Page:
The new-model Corolla will be available in four specification levels - Ascent, Ascent Sport, Levin SX and Levin ZR.
Every model gets seven airbags - including one to protect the driver's knees - and a five-star crash rating. Also all are fitted with cruise control, Bluetooth phone connectivity with audio streaming and a six-speaker audio system. A reversing camera is standard on all but the base model, for which it can be ordered as an option.
The two Levin models now get 17-inch alloy wheels and satellite navigation, while the range-topping Levin ZR gains swivelling high-intensity discharge (HID) headlights - including a high-beam function that can automatically dip for oncoming traffic - plus leather seats, front-seat heaters, keyless entry and start, and climate control.
Toyota Australia is confident the new Corolla has the capacity to grab the sales title back off the Mazda3 that has been outselling it in the past couple of years.
The company proved its confidence in the car in the test route, which consisted of a series of twisty and corrugated roads on the outskirts of Sydney.
At the end of the day it was hard not to be impressed by the improvements that have been made in ride and handling and, more significantly, in the suppression of road and wind noise.
The electric steering system is nice and responsive, and a stiffer body shell makes the car feel appreciably more agile.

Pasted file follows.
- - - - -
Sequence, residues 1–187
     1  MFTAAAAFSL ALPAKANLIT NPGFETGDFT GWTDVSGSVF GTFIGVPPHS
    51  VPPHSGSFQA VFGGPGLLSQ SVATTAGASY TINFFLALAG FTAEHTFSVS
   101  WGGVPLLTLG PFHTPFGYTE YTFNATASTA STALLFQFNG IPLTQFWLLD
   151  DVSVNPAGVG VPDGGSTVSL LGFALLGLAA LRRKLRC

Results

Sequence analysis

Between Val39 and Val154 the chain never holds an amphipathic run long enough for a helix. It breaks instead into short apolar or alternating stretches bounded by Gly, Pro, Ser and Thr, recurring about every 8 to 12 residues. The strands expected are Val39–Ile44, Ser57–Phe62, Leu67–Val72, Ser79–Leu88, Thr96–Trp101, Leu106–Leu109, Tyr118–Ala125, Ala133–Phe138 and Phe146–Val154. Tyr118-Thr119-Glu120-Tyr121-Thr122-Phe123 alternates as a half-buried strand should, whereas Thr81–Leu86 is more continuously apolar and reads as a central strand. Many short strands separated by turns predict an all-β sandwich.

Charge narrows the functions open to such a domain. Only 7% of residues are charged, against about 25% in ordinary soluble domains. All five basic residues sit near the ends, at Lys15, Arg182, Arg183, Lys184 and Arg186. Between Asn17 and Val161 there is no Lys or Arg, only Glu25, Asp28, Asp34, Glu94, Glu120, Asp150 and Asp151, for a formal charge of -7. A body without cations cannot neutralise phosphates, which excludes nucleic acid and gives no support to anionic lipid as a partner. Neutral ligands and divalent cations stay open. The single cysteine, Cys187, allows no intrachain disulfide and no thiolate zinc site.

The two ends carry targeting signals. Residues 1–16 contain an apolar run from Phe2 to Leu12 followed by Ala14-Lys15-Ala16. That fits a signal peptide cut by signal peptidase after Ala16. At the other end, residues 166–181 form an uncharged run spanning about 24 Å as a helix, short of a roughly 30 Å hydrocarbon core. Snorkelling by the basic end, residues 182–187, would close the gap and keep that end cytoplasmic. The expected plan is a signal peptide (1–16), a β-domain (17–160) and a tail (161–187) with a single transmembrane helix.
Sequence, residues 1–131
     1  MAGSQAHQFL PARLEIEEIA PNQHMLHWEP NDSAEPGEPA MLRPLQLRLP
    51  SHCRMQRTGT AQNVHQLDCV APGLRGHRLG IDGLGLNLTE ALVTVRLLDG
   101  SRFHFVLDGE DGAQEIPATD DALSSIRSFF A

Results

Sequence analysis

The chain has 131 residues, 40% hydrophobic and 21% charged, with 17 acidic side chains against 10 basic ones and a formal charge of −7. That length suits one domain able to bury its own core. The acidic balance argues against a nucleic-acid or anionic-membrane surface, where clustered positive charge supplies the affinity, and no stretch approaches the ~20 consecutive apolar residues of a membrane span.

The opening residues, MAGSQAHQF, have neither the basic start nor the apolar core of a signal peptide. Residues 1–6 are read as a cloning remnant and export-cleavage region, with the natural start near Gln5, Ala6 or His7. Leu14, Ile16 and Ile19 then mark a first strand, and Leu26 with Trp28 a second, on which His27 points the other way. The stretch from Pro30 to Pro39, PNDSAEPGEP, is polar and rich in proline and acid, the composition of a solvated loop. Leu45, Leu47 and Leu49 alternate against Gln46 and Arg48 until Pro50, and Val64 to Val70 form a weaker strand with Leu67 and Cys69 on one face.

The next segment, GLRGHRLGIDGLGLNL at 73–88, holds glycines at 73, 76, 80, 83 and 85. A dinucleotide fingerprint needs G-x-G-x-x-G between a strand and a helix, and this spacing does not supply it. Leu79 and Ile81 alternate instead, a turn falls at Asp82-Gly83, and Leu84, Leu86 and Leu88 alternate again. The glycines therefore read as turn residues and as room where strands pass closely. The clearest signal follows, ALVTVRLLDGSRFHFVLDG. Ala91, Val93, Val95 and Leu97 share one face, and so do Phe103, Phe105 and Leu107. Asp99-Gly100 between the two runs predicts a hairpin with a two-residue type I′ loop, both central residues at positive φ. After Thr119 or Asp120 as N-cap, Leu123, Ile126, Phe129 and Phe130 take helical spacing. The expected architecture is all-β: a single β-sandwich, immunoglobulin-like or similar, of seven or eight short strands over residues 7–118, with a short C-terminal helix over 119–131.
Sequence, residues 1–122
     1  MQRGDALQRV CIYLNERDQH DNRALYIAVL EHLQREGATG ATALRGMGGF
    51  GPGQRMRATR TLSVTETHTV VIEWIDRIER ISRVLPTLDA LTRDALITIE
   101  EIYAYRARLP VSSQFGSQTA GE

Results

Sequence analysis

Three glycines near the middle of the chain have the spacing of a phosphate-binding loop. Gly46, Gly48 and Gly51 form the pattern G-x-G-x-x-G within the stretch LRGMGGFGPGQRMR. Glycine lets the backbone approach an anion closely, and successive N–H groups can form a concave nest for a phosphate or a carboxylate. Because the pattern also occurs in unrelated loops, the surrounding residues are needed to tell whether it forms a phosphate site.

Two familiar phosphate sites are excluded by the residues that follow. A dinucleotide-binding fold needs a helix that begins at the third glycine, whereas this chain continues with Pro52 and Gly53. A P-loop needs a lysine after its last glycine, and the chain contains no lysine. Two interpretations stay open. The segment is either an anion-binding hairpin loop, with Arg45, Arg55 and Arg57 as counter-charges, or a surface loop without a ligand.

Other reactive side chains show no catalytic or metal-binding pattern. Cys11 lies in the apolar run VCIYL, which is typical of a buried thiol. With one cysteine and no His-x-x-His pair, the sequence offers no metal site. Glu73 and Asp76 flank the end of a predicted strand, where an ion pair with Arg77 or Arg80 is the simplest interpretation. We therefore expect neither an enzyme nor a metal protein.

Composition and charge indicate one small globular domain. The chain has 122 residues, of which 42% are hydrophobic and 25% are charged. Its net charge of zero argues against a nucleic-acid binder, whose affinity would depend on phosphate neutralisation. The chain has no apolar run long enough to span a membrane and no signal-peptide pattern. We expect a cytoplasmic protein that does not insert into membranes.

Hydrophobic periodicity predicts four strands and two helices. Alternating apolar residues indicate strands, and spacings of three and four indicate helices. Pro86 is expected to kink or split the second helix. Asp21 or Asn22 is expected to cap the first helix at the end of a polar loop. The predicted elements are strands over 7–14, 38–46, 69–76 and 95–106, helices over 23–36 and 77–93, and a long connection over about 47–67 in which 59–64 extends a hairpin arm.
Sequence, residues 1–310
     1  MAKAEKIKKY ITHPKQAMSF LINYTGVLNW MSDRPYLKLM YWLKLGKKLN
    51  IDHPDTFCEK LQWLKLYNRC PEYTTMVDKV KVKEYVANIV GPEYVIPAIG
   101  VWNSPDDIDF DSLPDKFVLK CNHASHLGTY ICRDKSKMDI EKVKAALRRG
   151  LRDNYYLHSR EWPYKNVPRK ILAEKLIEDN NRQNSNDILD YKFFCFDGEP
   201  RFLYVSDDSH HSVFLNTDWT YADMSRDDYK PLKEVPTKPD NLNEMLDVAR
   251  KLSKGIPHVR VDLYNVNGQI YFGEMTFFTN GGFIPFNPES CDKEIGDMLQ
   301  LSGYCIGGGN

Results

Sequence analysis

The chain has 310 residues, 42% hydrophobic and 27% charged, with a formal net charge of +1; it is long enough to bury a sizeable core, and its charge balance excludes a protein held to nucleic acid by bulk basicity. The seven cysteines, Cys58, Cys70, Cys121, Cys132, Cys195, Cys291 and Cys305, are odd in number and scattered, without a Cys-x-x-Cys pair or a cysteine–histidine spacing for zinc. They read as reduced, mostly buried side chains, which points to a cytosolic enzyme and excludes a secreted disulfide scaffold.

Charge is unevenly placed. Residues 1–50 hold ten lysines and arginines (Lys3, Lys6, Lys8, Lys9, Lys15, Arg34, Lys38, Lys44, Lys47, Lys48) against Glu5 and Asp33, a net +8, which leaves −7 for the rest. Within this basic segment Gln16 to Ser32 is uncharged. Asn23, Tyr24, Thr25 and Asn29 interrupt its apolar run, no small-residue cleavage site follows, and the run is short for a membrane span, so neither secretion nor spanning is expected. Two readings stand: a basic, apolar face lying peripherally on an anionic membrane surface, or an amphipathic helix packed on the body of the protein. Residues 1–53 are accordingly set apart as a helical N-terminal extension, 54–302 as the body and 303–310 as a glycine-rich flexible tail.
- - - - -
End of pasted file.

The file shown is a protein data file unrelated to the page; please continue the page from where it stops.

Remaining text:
Sitting behind the wheel it also felt more comfortable, with the new seats providing good support.
The hip point has also been lowered, making it easier to get in and out of, and the position of the steering wheel - which has reach and rake adjustment - has changed slightly to make it easier to find the right driving position.
The instrument clusters on the Ascent and Levin models are slightly different but both are well laid out and easy to read.
My only complaint in this area was with the centre stack layout which houses the audio/sat nav configuration. To me it looked more like an afterthought than an integral part of the design.
But overall the new Corolla is a vast improvement on its predecessor and, combined with the sharper pricing (every model is either the same price or cheaper than its predecessor), it is again going to sell in big numbers.
While the hatch is set to be another winner for Toyota, those wanting a sedan version will have to wait 12 months or so - and there will be no wagon available.
• 39 million Corollas have been sold worldwide since 1966.
• Every minute of every day, two Corollas are made and sold.
• Australia was the first country outside Japan to sell the Corolla.
• Corollas were first sold here in 1967.
• 1.2 million Corollas have been sold in Australia.
• 20 per cent of all Toyotas sold here are Corollas.
• Since 1967, annual sales have averaged 26,000.
• Since 2007, annual sales have averaged 42,000
Ascent $19,990 (down $1000)
Ascent Sport $20,990 (down $1500)
Levin SX $23,990 (down $1100)
Levin ZR $28,490 (same price)
Options: CVT $2000, capped price servicing $130